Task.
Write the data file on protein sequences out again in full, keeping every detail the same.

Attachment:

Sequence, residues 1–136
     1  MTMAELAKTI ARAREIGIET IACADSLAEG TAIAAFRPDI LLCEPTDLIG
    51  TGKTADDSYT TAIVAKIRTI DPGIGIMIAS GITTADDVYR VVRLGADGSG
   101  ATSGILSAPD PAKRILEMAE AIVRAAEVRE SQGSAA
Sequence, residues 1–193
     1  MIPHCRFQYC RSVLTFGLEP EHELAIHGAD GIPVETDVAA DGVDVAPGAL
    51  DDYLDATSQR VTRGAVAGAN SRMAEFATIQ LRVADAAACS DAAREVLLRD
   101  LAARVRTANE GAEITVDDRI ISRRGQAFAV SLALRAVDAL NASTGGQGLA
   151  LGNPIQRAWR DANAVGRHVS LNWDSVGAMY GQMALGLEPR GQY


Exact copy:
Sequence, residues 1–136
     1  MTMAELAKTI ARAREIGIET IACADSLAEG TAIAAFRPDI LLCEPTDLIG
    51  TGKTADDSYT TAIVAKIRTI DPGIGIMIAS GITTADDVYR VVRLGADGSG
   101  ATSGILSAPD PAKRILEMAE AIVRAAEVRE SQGSAA
Sequence, residues 1–193
     1  MIPHCRFQYC RSVLTFGLEP EHELAIHGAD GIPVETDVAA DGVDVAPGAL
    51  DDYLDATSQR VTRGAVAGAN SRMAEFATIQ LRVADAAACS DAAREVLLRD
   101  LAARVRTANE GAEITVDDRI ISRRGQAFAV SLALRAVDAL NASTGGQGLA
   151  LGNPIQRAWR DANAVGRHVS LNWDSVGAMY GQMALGLEPR GQY